Instead, the big Dolphins defensive tackle will just show you. He’ll show you his arms. He’ll show you the tattoos.
“You see it right here, I got the fleur de lis,” Taylor says while sitting at his locker after practice. “I got the Louisiana map with the date that Hurricane Katrina hit. That tells you a lot about me. I got the skyline on my arm. When you mention New Orleans, I think you’re mentioning me.”
The date Hurricane Katrina hit and ravaged New Orleans and affected the lives of so many, Vincent Taylor among them, was Aug. 29, 2005. That means the Dolphins’ preseason game at the Mercedes-Benz Superdome on Thursday night will come on the 14th anniversary of an event that Taylor says impacted his life to the degree that it rarely leaves his mind and has shaped the person he has become.
The Dolphins playing at New Orleans is always going to be significant for Taylor. That the game will be played on the same date as Hurricane Katrina hit his beloved hometown makes it that much more meaningful.
“Man, I’m excited,” Taylor said Tuesday. “I know this microphone can’t pick up how excited I am. I’m so excited to go back home. Anybody that knows me knows that I’m a New Orleans dude, and New Orleans is a place I really care for. Born and raised.
“To be going back to play a game, I ain’t just going back to play a game, I’m going back on the anniversary of Hurricane Katrina. For me, that’s just a sign from God. No matter what may happen, that just goes to show how God’s got my life set up. I’m looking forward to it.”
For Dolphins fans unfamiliar with Taylor’s connection to Katrina, he was an 11-year-old boy living in New Orleans on that fateful day.
The day before the storm arrived, Taylor joined his parents in a room on the 10th floor of the DoubleTree Hotel, which allowed his mother and other employees to bring their families for safety.
While they indeed were physically unharmed by the storm, the Taylors’ house was destroyed by Katrina and their neighborhood flooded after the levees broke. So they eventually drove to San Antonio, Texas, to start a new life there.
In eighth grade, Taylor got his first tattoo. It was the one that featured the date Hurricane Katrina hit New Orleans.
Taylor would go on to star at James Madison High School in San Antonio before heading to Oklahoma State University. He became a starter at OSU as a redshirt sophomore in 2015, which would become a memorable season for what happened at the end.
After finishing the regular season with a 10-2 record, the Cowboys were invited to play in the Sugar Bowl. At the Superdome. In New Orleans.
“It was emotional,” Taylor said. “I remember going in there. They were just laying the paint down with the logo in the middle. No lie, I went to the middle of the field and kissed it, just knowing … for me to be from here and then go come back to play a game, that was my first time playing in the Superdome. Just playing in that Superdome and know how much the city means to me, I think words really can’t explain how excited I am to go back home.”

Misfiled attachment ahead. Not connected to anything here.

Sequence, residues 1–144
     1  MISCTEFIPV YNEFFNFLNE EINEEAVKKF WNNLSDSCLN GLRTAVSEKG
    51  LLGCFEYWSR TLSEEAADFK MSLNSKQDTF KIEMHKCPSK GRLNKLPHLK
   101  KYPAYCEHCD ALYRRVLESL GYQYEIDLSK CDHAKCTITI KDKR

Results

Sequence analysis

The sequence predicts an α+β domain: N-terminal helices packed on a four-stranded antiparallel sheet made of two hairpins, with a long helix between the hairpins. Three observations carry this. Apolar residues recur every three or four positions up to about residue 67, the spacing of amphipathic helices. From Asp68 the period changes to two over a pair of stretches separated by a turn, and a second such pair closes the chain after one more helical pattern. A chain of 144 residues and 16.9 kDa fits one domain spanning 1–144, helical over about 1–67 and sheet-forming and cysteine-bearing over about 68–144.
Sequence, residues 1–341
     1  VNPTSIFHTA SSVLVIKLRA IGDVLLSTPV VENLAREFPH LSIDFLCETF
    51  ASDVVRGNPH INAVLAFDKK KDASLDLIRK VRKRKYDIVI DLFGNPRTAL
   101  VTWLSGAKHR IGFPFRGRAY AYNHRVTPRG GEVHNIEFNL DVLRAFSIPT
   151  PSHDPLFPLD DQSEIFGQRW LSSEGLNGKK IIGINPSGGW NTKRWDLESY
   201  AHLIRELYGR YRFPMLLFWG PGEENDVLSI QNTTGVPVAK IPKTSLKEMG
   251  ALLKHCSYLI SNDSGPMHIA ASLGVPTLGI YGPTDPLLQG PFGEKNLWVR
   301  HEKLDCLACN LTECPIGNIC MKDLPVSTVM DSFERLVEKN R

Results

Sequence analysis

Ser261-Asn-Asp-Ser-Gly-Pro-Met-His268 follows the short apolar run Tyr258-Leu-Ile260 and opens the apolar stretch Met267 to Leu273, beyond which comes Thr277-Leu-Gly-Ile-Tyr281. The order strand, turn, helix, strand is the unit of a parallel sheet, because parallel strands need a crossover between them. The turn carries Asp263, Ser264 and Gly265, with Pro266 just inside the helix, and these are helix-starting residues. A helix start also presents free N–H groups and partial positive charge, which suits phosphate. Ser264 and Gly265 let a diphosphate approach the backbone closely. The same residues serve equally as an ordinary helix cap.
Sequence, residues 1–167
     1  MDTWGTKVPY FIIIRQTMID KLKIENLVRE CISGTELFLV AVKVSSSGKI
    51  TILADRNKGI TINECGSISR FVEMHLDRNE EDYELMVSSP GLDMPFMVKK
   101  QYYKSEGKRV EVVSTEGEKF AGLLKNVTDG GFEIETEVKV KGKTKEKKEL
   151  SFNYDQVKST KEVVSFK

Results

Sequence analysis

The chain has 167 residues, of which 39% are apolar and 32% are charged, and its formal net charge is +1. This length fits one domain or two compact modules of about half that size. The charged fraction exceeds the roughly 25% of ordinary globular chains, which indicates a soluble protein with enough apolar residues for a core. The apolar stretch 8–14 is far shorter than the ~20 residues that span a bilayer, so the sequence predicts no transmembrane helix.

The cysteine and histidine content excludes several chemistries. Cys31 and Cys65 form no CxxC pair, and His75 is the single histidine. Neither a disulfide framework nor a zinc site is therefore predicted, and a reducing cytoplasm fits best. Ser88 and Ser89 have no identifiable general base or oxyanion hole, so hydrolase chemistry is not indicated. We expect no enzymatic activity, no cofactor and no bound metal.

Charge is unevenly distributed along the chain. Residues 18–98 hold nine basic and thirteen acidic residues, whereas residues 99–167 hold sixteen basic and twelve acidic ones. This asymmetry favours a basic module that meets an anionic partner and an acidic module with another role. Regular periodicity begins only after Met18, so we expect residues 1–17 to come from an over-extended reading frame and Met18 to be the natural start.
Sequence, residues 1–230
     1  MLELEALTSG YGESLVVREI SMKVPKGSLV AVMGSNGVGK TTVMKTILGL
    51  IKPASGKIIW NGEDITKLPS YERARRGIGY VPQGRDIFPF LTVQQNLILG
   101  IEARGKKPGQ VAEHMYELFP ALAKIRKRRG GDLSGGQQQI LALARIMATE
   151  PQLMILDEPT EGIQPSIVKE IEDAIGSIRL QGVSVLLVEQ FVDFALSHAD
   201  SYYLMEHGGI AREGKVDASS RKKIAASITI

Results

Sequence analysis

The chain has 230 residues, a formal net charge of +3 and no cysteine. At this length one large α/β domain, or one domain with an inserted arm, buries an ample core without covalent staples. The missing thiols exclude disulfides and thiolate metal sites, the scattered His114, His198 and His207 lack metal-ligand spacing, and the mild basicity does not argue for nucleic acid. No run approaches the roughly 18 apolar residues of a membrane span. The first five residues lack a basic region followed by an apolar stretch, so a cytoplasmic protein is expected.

Taylor ended up playing three years at Oklahoma State after redshirting in 2013, and his parents wound up moving back to New Orleans during his final year in college.
Vincent says he goes back to New Orleans whenever he gets the chance, but no matter where he is, Hurricane Katrina is never far from his mind.
“That made me who I am today,” Taylor said. “I tell my people, no matter what, if we can make it through Katrina, we can make it through anything. No matter what may happen, whether it’s good or bad, if I can go through Katrina, I could go through anything. Katrina made me who I am today.
“Say, I’m having a bad day … or not even a bad day, but I’m about to face a challenge that I know is about to stand in my way, I just think about everything I’ve been through. Like I said, it’s just here right here (pointing at his arm), so it’s with me all the time.”
After arriving in New Orleans with the Dolphins on Wednesday, Taylor met with a group of about 15-20 elementary and middle school students from the New Orleans NOBLE (National Organization of Black Law Enforcement Executives) organization to take pictures and distribute backpacks, though Taylor said he also was going to see to it that the kids ended up with tickets to the game Thursday night — “That’s me giving back to the city,” Taylor said.
It’s the last preseason game for the Dolphins, but one that holds a lot of meaning for Taylor.
“The most important thing to me is really going home and see my family, go out there with my teammates, execute the game plan,” Taylor said. “It’s going to be exciting to go back. I can’t wait. My family is going to be there. But I’m more excited for the city. Just to be back in the city on the anniversary of Hurricane Katrina, everything that took place in that building, I think it’s going to be exciting for the city as a whole."